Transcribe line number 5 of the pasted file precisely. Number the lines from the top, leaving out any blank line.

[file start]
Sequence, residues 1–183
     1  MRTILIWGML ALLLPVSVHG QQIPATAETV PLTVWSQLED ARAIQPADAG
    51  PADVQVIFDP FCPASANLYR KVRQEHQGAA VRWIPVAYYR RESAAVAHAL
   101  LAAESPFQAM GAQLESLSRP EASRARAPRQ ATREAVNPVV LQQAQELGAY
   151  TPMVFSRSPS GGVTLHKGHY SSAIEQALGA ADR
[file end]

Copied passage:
   151  TPMVFSRSPS GGVTLHKGHY SSAIEQALGA ADR